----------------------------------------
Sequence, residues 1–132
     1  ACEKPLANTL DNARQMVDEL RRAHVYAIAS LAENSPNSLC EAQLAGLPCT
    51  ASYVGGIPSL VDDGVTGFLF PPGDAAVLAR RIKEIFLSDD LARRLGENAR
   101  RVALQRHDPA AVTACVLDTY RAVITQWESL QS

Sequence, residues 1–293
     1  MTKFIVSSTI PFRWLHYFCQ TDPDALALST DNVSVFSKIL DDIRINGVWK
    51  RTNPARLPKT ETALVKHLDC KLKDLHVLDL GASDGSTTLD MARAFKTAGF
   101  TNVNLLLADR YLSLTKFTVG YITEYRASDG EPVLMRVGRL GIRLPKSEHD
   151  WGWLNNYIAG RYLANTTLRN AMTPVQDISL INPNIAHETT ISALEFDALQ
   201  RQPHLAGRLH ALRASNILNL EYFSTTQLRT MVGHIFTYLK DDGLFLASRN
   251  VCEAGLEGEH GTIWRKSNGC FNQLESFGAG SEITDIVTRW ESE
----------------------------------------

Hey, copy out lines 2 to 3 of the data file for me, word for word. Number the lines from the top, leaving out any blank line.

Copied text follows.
     1  ACEKPLANTL DNARQMVDEL RRAHVYAIAS LAENSPNSLC EAQLAGLPCT
    51  ASYVGGIPSL VDDGVTGFLF PPGDAAVLAR RIKEIFLSDD LARRLGENAR